Non-convertible debentures: Four factors to consider when investing in NCDs

Published: August 16, 2019 12:11:18 AM

Investors need to consider aspects such as safety, liquidity, diversification and tenure of investment

NCDs present an attractive and tax-efficient route to invest, for conservative investors looking to get regular income with safety of capital. (Illustration: Shyam Kumar Prasad)NCDs present an attractive and tax-efficient route to invest, for conservative investors looking to get regular income with safety of capital. (Illustration: Shyam Kumar Prasad)

By Alok Agarwala

The IL&FS default in September last year exposed the fault lines in the Indian debt markets. As liquidity dried up, NBFCs and leveraged corporates running asset-liability mismatches found it difficult to refinance or rollover their short term debt and started defaulting on repayment obligations. This gave rise to risk aversion in the markets and credit spreads rose sharply. Credit markets were simply shut off to some sectors or groups.

This heightened risk aversion has given rise to opportunities in the market in the form of attractive non-convertible debenture (NCDs). Many corporates are trying to tap this opportunity. The RBI has been on a rate-cut spree and slowing growth concerns have driven the benchmark 10-year G-Sec yield down by almost 200 bps from its peak of 8.25% in October 2018. This has made the spreads on their NCDs look very attractive to investors. Some well-rated NCDs are offering yields as high as 200 to 300 bps above G-Secs and bank deposits of similar tenure, which makes these NCDs lucrative for a retail investor. Besides the higher coupons, NCDs enjoy some other advantages over bank deposits.

They are listed instruments and can also be sold before maturity, in secondary debt markets, without incurring the penal charges. Also, the gains on listed NCDs sold in secondary markets, are treated as capital gains. Capital gains on NCDs held for 12 months or more are treated as long term capital gains and taxed at 10.4% without any indexation benefit. This is much lower than the 31.2% tax charged on interest income to investors in the highest income slab.

Look before you leap
Investors need to exercise caution before investing in NCDs. Here are some factors to consider for investing in NCDs.

Safety: The financial health of the issuer, the reputation and financial strength of the promoter group, the strategic importance of the issuer to the promoter group and the support provided by the promoter group in terms of capital infusion and management support, the credit rating and the quality of corporate governance are some critical factors that need to be looked into before selecting an NCD for investment. Both secured and unsecured NCDs are available for investment. The investor must choose secured NCDs for investment for obvious reasons.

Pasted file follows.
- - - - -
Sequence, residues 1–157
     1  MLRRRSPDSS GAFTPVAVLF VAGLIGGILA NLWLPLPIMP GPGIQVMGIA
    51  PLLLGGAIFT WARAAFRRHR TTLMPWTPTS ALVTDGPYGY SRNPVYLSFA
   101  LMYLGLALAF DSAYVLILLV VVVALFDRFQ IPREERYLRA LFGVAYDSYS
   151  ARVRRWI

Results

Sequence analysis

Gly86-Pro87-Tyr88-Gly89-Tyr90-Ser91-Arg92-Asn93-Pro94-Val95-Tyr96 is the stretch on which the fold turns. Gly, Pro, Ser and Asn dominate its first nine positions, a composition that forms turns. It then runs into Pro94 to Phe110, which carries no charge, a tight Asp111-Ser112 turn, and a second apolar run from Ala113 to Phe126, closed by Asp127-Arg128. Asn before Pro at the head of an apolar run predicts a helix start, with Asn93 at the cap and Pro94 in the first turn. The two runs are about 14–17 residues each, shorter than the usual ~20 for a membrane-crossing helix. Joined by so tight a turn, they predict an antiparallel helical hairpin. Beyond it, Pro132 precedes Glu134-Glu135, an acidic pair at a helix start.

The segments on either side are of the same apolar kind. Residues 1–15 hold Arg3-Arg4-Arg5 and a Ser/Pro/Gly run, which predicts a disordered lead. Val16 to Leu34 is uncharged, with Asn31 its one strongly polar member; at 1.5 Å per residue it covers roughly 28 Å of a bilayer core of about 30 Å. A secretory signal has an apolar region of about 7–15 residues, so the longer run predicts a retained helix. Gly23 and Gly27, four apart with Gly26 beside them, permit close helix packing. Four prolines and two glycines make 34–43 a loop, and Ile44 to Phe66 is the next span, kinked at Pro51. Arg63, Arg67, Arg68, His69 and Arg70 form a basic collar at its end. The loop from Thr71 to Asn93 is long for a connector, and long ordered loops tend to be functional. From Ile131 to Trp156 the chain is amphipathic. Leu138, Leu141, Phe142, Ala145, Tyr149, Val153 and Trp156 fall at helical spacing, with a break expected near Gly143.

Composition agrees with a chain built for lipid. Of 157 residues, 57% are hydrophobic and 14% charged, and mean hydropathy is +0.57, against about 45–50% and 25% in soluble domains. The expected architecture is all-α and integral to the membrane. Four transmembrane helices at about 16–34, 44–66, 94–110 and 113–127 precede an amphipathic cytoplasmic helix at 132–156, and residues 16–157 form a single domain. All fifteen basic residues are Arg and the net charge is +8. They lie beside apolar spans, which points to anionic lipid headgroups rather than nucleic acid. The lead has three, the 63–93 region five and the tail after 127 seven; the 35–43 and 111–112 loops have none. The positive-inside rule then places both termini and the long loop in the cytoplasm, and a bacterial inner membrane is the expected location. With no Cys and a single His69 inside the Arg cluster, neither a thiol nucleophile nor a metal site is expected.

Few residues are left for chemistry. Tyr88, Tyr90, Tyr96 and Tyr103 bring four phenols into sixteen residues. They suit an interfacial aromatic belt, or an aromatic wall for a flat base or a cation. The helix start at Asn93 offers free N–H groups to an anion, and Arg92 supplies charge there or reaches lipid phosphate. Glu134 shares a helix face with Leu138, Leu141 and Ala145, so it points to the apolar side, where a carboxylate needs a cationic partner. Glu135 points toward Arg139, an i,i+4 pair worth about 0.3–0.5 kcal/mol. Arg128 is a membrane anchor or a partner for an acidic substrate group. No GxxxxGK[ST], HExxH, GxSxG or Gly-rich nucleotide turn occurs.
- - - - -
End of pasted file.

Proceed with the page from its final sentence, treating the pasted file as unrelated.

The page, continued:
Liquidity: Liquidity plays a major role in investment decisions. Before investing one must check the liquidity situation of the issuer and its ability to repay debt in case of a stress event in markets. More importantly, the investor needs to check for liquidity in the NCDs / bonds of the issuer in the secondary markets. Lower rated issues from relatively small and less reputed corporates are generally illiquid. Hence, it makes sense to invest in reputed groups whose bonds / NCDs are traded frequently in secondary markets.

Diversification: Diversification is the most important risk management tool available to an investor. Investing all of your money in a single NCD can lead to huge losses if the issuer fails to repay on time. One must take care to diversify across issuers as well as sectors. For instance, one must not put a substantial chunk of investments in NCDs of housing finance companies as they are considered to be riskier in this environment. At a macro level, one must not invest more than 25% of their total debt portfolio in NCDs as a class. The remaining debt portfolio can be invested in debt mutual fund schemes, small savings schemes, etc., to diversify the risk.

Tenure: NCDs come with various tenures. The longer the tenure, the riskier it gets as one cannot say with certainty how the business will be in next 10 years. Economic and business cycles tend to change over such long periods. It is relatively easier to project the outlook for next three or five years. Moreover, the yields of longer term bonds are more sensitive to interest rate trends. Hence, one should ideally invest in three- or five- year NCDs only.

NCDs present an attractive and tax-efficient route to invest, for conservative investors looking to get regular income with safety of capital. Investors must select NCDs for investment judiciously to reduce risk and get optimal returns.

The writer is head, Research & Advisory, Bajaj Capital

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